The moth’s egg is oval, pale bluish-green and smooth to the naked eye. Under high magnification, you can see a fine network of polygonal cells. It changes to a yellowish colour prior to hatching.
The first instar larva is pale green with a very long, black, anal horn that has a slightly forked tip.
In the second instar, the horn shortens and turns pale yellow; the surface of the horn and body becomes covered with minute pale tubercles.
By the third instar, the 7 oblique lateral stripes typical of many hawkmoth caterpillars are fully developed. They are white and edged above with blue-grey. The horn starts to recurve dorsally and the tubercles on it and the front part of the body become larger. Overall, the caterpillar becomes more yellow.
In the fourth instar, this yellow tone becomes more vivid and the horn recurves further.
In the fifth and final instar, the tubercles are lost, except from the horn, which is now strongly recurved. The blue edging of the lateral stripes often becomes extensive, forming a series of broad, V-shapes along the back.
There are also 2 other, less common colour forms. One is green rather than yellow. The other is very different, with an overall mottled brown colour and no trace of the oblique stripes. There is a broad, whitish patch behind the head and the whole effect is of a very large bird dropping.
When young, the caterpillar rests along a vein under a leaf and nibbles small holes in the leaf surface. Later, it is too heavy to do this and has to rest along a leaf stalk or small branch.
The caterpillars are not very active. They move only to find a new leaf after they finish the one they are on. If disturbed, the caterpillars gnash their formidable mandibles, making a loud clicking noise, and thrash about in an attempt to bite their attacker.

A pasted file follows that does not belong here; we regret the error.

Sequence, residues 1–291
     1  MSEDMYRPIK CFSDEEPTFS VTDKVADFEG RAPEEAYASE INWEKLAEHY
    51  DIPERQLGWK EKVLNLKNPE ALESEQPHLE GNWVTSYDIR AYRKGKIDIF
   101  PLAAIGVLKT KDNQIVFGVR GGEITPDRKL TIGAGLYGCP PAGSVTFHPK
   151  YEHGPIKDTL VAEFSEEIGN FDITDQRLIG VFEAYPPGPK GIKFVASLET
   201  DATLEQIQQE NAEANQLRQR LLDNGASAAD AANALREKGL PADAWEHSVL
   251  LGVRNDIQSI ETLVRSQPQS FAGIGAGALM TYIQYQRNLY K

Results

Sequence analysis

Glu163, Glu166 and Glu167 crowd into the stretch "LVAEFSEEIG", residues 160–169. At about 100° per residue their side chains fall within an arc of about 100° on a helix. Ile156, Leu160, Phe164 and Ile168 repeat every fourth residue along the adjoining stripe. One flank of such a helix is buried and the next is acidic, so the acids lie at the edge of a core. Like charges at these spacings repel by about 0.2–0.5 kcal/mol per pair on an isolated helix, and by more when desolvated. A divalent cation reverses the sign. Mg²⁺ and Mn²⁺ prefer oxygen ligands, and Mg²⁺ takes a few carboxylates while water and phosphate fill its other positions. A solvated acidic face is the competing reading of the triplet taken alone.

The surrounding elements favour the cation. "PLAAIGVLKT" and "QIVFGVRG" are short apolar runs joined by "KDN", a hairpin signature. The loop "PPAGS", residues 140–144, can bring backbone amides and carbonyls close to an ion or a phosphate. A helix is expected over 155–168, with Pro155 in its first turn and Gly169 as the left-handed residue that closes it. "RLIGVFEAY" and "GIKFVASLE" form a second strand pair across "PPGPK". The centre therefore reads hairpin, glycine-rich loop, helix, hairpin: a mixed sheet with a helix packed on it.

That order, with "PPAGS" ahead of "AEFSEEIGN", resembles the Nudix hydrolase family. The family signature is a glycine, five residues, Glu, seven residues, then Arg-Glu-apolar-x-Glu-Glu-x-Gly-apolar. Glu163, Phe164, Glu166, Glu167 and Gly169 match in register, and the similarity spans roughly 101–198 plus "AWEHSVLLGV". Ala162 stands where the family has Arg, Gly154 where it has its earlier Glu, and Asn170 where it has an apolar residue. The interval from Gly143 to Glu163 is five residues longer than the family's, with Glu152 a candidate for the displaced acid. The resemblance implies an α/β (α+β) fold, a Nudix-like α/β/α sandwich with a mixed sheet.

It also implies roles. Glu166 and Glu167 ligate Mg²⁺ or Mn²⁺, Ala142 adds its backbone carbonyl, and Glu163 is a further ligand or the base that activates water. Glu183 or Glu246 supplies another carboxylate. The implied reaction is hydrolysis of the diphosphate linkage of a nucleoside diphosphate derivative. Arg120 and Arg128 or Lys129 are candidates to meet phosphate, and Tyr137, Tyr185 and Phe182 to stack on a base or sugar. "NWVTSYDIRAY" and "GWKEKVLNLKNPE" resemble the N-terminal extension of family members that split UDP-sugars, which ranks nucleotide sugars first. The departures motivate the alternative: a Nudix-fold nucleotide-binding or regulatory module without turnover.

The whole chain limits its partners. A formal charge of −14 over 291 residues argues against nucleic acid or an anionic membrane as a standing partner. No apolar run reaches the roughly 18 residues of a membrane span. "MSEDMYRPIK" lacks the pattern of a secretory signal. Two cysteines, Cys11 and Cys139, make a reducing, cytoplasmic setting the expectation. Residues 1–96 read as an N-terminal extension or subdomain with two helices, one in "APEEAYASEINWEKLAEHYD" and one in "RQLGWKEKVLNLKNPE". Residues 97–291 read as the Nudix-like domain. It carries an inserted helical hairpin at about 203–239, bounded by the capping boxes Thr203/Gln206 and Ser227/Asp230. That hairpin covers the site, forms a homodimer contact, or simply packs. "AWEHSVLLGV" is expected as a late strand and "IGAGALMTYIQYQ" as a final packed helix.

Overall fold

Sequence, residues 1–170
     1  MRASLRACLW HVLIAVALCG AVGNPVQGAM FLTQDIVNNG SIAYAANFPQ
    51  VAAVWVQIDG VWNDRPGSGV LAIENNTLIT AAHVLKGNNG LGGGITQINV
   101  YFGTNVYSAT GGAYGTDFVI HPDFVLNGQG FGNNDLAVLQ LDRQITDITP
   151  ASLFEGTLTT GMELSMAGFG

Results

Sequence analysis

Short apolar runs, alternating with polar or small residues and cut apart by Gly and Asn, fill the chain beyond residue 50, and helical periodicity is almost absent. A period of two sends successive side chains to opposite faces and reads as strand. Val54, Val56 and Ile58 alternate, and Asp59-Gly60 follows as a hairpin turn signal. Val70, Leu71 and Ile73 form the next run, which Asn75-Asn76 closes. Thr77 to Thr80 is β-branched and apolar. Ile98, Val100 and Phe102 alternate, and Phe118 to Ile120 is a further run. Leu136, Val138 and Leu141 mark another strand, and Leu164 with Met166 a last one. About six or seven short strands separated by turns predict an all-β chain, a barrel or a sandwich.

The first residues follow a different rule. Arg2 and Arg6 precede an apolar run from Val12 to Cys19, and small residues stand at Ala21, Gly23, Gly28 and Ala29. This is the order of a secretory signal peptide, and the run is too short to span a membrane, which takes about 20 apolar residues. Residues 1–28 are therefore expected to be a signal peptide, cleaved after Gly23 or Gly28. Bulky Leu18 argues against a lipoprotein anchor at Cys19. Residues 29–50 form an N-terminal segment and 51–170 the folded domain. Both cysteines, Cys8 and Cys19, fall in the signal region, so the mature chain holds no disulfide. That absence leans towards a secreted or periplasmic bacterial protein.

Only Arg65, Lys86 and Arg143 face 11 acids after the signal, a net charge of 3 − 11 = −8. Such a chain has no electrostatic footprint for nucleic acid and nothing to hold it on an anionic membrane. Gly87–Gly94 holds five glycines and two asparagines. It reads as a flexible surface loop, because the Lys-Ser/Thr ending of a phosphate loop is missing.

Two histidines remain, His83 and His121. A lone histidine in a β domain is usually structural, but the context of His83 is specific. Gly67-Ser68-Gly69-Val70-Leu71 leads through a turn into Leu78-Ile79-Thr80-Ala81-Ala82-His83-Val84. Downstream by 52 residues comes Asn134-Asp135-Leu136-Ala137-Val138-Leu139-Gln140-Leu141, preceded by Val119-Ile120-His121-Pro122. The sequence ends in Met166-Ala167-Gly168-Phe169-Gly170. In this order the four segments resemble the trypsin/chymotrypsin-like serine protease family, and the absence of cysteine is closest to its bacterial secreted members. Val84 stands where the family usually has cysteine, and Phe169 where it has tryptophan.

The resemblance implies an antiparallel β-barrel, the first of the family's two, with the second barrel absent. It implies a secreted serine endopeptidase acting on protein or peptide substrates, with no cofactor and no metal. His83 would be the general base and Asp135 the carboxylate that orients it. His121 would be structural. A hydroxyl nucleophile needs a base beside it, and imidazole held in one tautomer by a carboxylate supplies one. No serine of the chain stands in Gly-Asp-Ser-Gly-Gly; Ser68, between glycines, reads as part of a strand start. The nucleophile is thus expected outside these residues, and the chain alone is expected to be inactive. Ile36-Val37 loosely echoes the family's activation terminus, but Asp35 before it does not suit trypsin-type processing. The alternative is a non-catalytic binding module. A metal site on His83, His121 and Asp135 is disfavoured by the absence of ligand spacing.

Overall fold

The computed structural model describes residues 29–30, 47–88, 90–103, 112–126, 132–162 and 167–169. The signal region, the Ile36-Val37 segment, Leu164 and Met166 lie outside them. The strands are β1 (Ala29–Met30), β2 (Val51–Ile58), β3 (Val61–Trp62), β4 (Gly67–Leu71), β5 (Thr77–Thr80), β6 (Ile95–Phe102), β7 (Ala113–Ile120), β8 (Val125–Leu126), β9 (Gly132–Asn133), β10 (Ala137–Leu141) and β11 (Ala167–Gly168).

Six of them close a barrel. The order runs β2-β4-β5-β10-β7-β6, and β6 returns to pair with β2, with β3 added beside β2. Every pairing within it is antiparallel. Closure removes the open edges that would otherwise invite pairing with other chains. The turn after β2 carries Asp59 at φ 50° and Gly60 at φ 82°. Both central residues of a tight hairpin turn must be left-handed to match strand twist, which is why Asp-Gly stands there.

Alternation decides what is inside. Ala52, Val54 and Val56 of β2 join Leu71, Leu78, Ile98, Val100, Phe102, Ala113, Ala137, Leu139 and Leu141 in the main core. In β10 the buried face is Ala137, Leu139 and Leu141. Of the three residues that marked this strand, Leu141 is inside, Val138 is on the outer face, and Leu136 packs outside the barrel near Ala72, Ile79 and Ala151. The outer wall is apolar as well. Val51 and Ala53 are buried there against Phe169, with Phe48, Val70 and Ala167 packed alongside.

Acherontia atropos caterpillars eat a wide range of plants, but mostly those in the plant orders Lamiales and Solanales. The former includes such families as Bignoniaceae, Oleaceae (privet and lilac are readily eaten in captivity) and Verbenaceae; the latter includes Solanaceae.
Historically, caterpillars and pupae were often found in potato fields. However, due to widespread use of chemical sprays and mechanical harvesting, this is no longer the case.
Death’s-head hawkmoth caterpillars have been found feeding on over 100 genera of plants, including cannabis (Cannabis sativa) and deadly nightshade (Atropa belladonna).
When full-grown at 12–13cm long, the caterpillar darkens and covers itself with a saliva-like secretion. It wanders in search of somewhere to pupate.
Once it has found a suitable place, the caterpillar burrows down 15–40cm and pupates in an oval, smooth-sided cavity. The pupa is 7–8cm long, smooth, deep chestnut-brown and very active, wriggling from side to side if disturbed. The pupa is generally the overwintering stage but cold winters kill it and it rarely survives outdoors in the UK.